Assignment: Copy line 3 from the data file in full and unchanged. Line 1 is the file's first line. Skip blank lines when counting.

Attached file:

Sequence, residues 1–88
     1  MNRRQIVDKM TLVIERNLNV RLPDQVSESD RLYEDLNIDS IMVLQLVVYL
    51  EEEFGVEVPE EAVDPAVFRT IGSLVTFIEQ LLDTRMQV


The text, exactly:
    51  EEEFGVEVPE EAVDPAVFRT IGSLVTFIEQ LLDTRMQV